28 September 2018Reading time about 5 minutes

Dollar digs in

The outlook for Asian currencies is in large part a function of the strength of the USD, and the US currency shows few signs that it is willing to capitulate. 

No help for Asian FX from the EUR

Our house view on EUR/USD from our FX team has been bullish all year, and if memory serves me right, from 2017 too, with a 1.30 end-2019 forecast. As a directional call, there is much to be said for it, though even they would probably concede that the magnitude can be a tough sell at times. 

Scope for a break out in the direction of our house call was looking promising at the end of last week and would have taken some of the pressure off our Asian FX pairs, which have been battered since 2Q18 on a mixture of dollar strength and EM weakness. Both these pressures were showing signs of abating recently, allowing perhaps for some retracement.  

But for the USD to really weaken, part of the story had to include a stronger EUR. That part has been dealt a blow by the Italian government budget proposal of a 2.4% deficit. 2.4% may not sound like much, and it is within the Maastricht deficit limit of 3.0%. But against a backdrop of public debt that exceeds 130% of GDP and a real growth rate that has exceeded 2.4% only very briefly and fleetingly since 2000, 2.4% appears unsustainable and could set the Italian government up for a row with the EU commission. For much more on this and the somewhat disappointing recent growth performance of the Eurozone, our Eurozone team's latest quarterly should answer all your questions, and more. 

It's EUR weakness, not USD strength

The Italian budget decision has weighed heavily on the EUR, which from about 1.18 earlier in the week, has pushed down through its 100-day moving average and is now somewhere around 1.1635. This really is a surprisingly strong turnaround in fortunes and indicates how weak the recent EUR up-move may have been.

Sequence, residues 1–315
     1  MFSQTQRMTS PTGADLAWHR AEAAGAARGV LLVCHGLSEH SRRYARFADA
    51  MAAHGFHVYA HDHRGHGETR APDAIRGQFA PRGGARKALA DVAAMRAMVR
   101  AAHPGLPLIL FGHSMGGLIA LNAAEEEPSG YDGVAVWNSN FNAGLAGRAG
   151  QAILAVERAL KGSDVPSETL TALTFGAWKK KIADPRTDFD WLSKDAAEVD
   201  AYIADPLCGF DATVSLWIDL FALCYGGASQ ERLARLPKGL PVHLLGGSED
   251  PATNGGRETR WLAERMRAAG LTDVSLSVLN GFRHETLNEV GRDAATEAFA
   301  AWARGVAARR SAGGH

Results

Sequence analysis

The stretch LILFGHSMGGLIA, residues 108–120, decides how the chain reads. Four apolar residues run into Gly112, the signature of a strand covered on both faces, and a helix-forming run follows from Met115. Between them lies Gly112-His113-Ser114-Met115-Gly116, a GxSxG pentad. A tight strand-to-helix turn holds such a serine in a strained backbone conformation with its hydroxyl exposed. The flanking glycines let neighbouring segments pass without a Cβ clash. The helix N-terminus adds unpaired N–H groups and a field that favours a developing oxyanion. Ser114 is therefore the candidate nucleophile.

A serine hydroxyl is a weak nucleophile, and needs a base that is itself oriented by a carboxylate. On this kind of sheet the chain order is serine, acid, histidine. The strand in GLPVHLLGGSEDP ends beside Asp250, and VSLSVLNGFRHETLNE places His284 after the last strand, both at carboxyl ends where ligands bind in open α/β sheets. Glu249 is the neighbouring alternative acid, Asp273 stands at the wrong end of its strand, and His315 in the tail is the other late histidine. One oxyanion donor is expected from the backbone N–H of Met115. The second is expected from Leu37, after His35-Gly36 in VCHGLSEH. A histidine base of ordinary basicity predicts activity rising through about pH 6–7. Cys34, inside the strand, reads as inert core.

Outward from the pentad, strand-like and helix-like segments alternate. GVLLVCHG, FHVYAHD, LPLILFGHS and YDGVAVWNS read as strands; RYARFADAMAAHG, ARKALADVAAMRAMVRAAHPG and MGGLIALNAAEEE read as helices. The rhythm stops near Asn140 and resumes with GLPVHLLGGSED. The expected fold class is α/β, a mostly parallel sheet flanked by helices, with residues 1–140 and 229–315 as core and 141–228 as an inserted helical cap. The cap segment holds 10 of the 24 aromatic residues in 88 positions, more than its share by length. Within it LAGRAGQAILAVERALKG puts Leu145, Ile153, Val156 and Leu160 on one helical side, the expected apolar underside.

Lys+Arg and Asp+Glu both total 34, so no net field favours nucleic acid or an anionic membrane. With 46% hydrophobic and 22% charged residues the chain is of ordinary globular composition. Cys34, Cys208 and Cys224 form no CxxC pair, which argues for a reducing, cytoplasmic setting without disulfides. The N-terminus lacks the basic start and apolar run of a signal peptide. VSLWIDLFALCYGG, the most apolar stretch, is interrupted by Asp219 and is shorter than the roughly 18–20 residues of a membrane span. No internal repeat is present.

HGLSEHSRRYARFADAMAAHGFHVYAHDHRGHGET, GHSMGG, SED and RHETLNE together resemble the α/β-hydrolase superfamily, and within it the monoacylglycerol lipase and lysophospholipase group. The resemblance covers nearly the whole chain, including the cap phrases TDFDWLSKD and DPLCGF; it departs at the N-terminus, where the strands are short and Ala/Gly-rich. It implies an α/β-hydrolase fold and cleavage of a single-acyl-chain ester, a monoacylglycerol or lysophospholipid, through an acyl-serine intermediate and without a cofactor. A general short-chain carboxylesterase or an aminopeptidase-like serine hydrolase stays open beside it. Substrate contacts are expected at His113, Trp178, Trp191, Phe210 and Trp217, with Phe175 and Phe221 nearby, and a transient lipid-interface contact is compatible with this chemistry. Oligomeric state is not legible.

Fortunately, so far this hasn't filtered through into any Asian FX weakness, so we can perhaps view this move primarily as EUR weakness, not dollar strength. This is a far less negative story for the Asian region. Though we may also want to factor in the helpful actions by BI (Bank Indonesia) and BSP (Philippine Central Bank) central banks yesterday, both of which lived up to expectations in hiking policy rates. Next Friday sees the RBI (Reserve Bank of India) probably following suit...

Oil really not helping the more challenged parts of Asia

We were hoping that the resurfacing of commentary on the EU, Russia and China's special purpose vehicle (SPV) for resuming oil trade with Iran, might take the pressure off crude oil prices. The absence of Iran from global oil supply seems to be the single biggest factor pushing prices higher than our commodity analysts have been expecting, though logistical bottlenecks from US shale output will also not have helped. 

As well as pushing inflation higher in economies such as the Philippines, higher crude oil is also providing an unhelpful negative push to regional trade balances, Indonesia and India for example. Coupled with a softer dollar (as mentioned - still largely elusive) lower crude prices could quickly change the Asian backdrop to a far more positive one - which would be very welcome given the fact that the negative impacts of the US-China trade war are becoming somewhat clearer in the data, and could spill over into other countries in the region. 

So far though, chat is all that this appears to be, and it is not obvious that this SPV will deliver a practical alternative for countries wanting to circumvent US trade restrictions. Were this to change, so too could crude benchmarks, which might come much closer to our end of year $75/bbl forecast (Brent). 

Asia Day ahead

A slew of Japanese data has already filled the data screens, with perhaps the most eye-catching, being the above expectations Tokyo September CPI figures - these now showing inflation in the capital at 1.3% (up from 1.2%). Where Tokyo CPI goes, the national figures almost always follow, and in any case, a combination of energy price rises, and weather-induced food price spikes was likely to push national inflation rates further above 1.0% (currently 1.3%), providing more cover for the BoJ to conduct its stealth tapering. 

In this vein, there is quite a lot of talk about cuts to the BoJ's regular super-long asset purchases, and maybe a reduction in the number of their monthly operations too. If so, this could result in some JPY strength - JPY currently looking quite soft at 113.38.